Overall, I had a wonderful time playing, as I’m pretty sure the entire band did. And we got a great response from the audience at The UPTOWN. Next, it was time for the Moe Staiano Ensemble to take the stage.
This was also an ambitious set, building on Moe’s previous ideas but with an even larger ensemble of guitars: Jay Korber, William Bohrer, Melne Murphy, Damon Wood, Robin Walsh, Drew Wheeler, Bill Wolter, John Shiurba, Josh Pollock, David James, Marc Zollinger, and Karl Evangelista. That, my friends, is a lot of guitars! But they were also joined by Steve Lew on bass and Jeff Lievers on drums.
Moe’s large scale composition followed a classical form of three movements: a loud opening fanfare, a calm and moody second movement, and amore dynamic finale. It featured many of the idiomatic elements I have come to know and appreciate in his compositions from my time playing in Surplus 1980, including the repetitions coming in and out of phase. During the first movement, there was a driving eight-note patterns with phasing that created an intense but pointillated wall of sound. The second movement, which contained slower notes and lots of open space, was exceptionally beautiful, and my favorite part of the performance. You can hear some of it in our video.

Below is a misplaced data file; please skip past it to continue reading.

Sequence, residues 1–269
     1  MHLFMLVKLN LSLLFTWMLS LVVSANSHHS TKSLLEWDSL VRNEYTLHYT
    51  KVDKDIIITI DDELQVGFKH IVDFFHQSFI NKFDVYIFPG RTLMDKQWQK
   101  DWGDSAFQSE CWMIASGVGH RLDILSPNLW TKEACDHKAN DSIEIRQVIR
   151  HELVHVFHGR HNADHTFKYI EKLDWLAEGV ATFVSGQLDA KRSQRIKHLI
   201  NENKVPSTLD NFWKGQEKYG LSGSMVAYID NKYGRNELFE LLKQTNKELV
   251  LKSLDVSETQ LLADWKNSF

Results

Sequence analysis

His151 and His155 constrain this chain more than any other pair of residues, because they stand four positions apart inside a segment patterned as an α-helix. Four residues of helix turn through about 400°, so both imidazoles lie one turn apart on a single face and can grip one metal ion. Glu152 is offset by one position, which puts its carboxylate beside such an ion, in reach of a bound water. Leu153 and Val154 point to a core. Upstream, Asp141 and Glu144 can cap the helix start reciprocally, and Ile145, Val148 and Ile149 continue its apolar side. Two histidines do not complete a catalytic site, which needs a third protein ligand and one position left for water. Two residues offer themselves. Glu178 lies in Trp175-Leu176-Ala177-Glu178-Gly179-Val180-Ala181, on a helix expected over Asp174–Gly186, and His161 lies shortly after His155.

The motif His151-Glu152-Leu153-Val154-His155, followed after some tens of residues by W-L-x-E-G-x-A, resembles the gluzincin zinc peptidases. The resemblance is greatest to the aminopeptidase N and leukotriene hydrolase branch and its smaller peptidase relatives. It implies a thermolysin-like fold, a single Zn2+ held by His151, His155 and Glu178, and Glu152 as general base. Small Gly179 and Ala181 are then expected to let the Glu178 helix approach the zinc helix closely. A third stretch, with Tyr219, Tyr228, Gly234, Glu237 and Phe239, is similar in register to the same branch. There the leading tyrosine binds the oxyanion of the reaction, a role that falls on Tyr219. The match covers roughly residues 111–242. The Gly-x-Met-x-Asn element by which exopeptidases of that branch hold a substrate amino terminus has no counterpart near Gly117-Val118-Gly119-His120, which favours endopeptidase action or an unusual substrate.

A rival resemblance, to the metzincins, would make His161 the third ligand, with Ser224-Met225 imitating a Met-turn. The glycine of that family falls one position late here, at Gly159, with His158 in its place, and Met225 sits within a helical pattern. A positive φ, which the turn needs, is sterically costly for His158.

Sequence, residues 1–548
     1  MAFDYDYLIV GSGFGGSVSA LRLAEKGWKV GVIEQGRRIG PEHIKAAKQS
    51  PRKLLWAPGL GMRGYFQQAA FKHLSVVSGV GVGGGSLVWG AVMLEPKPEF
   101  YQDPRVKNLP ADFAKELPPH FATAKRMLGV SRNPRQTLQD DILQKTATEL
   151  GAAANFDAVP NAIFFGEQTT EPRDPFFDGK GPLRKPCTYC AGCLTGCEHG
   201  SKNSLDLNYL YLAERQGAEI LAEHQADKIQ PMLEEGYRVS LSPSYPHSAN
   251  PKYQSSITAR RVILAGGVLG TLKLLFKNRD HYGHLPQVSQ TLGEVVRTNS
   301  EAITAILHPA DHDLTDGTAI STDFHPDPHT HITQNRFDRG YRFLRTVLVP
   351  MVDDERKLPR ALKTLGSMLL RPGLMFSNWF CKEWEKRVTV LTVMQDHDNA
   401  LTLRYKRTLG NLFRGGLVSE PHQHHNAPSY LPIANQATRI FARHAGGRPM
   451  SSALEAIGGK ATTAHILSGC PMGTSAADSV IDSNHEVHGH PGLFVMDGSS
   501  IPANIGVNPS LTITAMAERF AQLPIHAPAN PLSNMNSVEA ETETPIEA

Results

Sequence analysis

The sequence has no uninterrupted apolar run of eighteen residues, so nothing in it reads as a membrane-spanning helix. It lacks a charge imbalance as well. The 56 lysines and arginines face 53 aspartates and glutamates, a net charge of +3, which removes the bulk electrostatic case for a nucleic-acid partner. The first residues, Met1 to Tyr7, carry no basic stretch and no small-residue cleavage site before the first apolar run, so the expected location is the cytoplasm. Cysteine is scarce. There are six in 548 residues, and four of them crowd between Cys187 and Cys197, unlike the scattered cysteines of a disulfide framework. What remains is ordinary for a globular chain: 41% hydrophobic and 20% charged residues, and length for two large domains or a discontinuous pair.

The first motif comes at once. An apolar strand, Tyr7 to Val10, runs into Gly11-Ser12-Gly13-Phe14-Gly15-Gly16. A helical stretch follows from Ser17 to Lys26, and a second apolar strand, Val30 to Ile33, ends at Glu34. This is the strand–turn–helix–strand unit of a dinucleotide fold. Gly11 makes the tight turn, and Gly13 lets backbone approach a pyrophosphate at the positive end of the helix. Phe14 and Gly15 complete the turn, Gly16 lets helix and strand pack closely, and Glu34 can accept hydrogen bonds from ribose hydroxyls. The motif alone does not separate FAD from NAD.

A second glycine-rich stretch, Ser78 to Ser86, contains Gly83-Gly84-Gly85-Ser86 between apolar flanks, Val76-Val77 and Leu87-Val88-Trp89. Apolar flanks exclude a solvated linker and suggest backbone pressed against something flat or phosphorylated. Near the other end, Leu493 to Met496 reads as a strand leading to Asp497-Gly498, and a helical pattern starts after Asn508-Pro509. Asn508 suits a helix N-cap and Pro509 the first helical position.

It was a wonderful night of music in Oakland, and I was happy to be a part of it both as a performance and an audience member. There was a fairly decent turnout, especially for a Tuesday. It’s not every day you can get this cast of musicians on a stage at once, as both groups did, but I look forward to the next time they do.
As we busily prepare for the next Vacuum Tree Head show this coming Tuesday, I find myself looking back at my last show with a very different band, Manul Override earlier this month at the Make-Out Room in San Francisco. It was the subject of a recent CatSynth TV episode.
The evening began with an improvised set featuring saxophonist David Pate with keyboardist Steve Cohn.